First lady Melania Trump has filed a new $150 million libel suit against Mail Media, a legal move the Washington Post argues is "is based on an untruth."
The Slovenia native settled one defamation lawsuit on Tuesday -- which she had originally filed against both the Daily Mail and a Maryland blogger who wrote about unsubstantiated rumors she had worked as an escort and falsely said she suffered a breakdown. Trump settled with the blogger, and refiled the suit against Daily Mail owner Mail Media in New York state court on Monday.
Trump's court-submitted complaint with a August 2016 Daily Mail article -- a piece she says cost her millions of dollars in potential business -- is described, saying, "Mail online stated in the defamatory article at issue that plaintiff's well-publicized professional modeling career in the 1990s was a ruse and that she instead worked as an elite escort' in the 'sex business.'"
Writing for Washington Post's "The Fix," Callum Borchers says this is a "gross mischaracterization" of the story.
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The article in question, authored by Natalie Clarke, calls into question rumors and claims about Melania Trump's history in the context of how it could affect her husband -- then presidential candidate Donald Trump. The main focus of the article was a series of claims published in Slovenia's Suzy magazine that Melania Trump's former modeling agency in New York also operated as an escort agency for wealthy clients.
"On the one hand they [the girls] pretended to be models, but they principally earned money as elite escorts," the Suzy magazine article claimed. "They even had two composite cards (presentation cards held by each model) — with two photos and basic information such as measurements, eye and hair colour, and agency details."
In the end, though, the Daily Mail writer concedes little proof of these noted allegations, saying, "There is no evidence to back up these startling claims made in Suzy magazine."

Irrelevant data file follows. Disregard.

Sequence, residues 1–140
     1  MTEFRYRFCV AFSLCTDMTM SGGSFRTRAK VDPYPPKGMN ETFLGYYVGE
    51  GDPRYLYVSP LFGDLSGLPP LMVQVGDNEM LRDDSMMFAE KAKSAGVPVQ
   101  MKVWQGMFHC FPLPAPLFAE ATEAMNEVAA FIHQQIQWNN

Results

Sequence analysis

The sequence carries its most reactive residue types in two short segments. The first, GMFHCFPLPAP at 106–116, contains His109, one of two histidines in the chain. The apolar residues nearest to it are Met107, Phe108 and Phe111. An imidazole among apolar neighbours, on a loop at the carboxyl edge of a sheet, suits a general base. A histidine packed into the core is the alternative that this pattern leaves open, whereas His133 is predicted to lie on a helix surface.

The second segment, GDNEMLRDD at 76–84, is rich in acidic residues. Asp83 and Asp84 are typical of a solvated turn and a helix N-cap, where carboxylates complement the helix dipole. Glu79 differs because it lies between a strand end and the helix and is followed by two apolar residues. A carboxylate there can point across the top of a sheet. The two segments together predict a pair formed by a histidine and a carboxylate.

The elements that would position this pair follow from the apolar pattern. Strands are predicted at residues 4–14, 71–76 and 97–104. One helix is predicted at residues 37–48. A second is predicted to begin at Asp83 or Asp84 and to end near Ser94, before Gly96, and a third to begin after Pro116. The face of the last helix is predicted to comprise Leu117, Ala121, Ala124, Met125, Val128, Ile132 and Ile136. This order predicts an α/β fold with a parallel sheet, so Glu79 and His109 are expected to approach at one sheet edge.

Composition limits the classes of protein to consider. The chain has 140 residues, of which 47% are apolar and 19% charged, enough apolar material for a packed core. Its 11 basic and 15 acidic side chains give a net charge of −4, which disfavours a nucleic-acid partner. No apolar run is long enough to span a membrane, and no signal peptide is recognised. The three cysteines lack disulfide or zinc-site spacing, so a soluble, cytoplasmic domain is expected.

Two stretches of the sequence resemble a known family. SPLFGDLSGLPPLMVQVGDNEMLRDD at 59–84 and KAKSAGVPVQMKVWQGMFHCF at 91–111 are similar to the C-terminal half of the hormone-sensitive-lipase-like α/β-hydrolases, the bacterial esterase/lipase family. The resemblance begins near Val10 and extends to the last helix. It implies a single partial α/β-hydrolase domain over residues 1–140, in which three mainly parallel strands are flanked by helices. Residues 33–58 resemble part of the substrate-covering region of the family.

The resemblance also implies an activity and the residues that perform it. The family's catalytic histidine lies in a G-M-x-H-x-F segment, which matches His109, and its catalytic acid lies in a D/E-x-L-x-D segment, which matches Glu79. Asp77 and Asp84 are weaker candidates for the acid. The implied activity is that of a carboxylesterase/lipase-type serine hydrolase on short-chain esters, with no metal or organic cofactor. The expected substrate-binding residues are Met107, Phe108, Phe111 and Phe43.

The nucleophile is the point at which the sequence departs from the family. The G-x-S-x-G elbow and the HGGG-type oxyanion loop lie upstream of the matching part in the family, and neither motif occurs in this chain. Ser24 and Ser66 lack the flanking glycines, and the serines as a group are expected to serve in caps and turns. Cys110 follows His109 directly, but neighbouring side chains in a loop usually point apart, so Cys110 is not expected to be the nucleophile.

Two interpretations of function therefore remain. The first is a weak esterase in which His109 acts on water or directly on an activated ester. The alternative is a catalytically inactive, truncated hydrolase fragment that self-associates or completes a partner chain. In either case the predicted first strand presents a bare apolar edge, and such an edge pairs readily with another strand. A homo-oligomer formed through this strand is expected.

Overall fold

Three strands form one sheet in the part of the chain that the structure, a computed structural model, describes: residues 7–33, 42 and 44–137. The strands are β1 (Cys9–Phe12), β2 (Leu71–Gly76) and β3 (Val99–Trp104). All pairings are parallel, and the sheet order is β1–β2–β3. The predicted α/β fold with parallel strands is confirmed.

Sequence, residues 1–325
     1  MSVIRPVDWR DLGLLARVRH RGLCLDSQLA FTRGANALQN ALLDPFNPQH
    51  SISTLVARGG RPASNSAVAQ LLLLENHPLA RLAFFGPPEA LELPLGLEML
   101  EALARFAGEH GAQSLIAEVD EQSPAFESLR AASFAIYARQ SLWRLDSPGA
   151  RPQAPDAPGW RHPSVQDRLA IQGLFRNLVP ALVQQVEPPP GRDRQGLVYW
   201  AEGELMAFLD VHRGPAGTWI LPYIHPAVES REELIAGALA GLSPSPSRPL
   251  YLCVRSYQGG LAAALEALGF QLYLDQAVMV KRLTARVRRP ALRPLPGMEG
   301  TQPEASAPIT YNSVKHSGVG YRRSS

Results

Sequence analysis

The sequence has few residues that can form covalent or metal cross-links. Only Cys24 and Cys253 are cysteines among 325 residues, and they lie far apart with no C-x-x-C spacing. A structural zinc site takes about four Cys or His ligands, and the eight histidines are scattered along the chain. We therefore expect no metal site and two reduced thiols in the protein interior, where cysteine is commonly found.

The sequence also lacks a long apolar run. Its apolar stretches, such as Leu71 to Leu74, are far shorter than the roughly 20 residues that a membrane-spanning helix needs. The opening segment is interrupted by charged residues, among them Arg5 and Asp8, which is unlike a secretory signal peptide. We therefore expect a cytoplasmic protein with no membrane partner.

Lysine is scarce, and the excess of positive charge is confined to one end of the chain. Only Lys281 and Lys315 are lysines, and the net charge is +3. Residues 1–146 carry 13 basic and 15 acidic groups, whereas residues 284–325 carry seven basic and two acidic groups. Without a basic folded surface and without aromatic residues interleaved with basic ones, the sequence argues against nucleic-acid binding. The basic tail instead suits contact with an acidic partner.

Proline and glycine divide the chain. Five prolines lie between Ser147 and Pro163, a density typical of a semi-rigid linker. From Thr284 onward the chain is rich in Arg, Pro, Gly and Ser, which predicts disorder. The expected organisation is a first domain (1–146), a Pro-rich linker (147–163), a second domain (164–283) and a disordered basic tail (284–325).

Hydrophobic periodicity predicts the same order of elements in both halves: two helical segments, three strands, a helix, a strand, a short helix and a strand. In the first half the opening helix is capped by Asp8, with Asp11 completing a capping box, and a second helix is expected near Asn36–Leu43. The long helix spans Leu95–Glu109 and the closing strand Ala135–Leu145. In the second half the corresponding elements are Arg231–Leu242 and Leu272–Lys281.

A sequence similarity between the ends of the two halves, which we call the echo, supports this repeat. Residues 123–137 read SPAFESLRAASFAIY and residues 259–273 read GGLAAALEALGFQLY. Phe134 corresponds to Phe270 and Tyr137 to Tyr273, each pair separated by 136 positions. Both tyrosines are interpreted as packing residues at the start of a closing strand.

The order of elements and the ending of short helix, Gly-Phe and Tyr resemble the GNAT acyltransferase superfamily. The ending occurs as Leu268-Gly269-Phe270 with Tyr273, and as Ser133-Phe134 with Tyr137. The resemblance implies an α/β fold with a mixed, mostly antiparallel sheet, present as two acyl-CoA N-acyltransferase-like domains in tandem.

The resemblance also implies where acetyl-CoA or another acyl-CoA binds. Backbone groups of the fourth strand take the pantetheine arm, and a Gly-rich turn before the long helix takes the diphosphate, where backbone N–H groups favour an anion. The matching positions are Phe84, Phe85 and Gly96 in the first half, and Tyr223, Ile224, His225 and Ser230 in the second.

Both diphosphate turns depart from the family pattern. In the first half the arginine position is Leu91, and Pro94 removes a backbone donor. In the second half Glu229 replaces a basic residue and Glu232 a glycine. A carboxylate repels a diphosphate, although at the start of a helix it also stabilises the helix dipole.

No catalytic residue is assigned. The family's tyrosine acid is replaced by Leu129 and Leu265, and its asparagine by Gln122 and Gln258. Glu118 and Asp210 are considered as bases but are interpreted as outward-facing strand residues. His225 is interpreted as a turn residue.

And this is where Borchers gets the meat of his argument that Melania Trump's libel suit is based on falsehood. Even after the Daily Mail retracted the article on Sept. 1, Borchers says "The Daily Mail's report arguably did more to repair Trump's reputation than to damage it."
First, he argues the Daily Mail never accused Melania Trump of working in the "sex business," as her lawsuit states.
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"The Daily Mail might have made the wrong journalistic call," Borchers writes, "but it is objectively untrue to say — as the first lady's legal team does in the lawsuit — that the newspaper accused her of being a sex worker."
Borchers also points out that the escort claims were one detail within a 2,400 word expose centered on the "valid" question of how -- if at all -- Melania Trump's rumored past would affect Trump's presidential bid.
Whether Melania Trump finds fortune in her libel suit, a case particularly difficult to prove in the United States, remains to be seen. Regardless of how, Trump has already made history as the first president's wife to file a lawsuit while owning the title of first lady.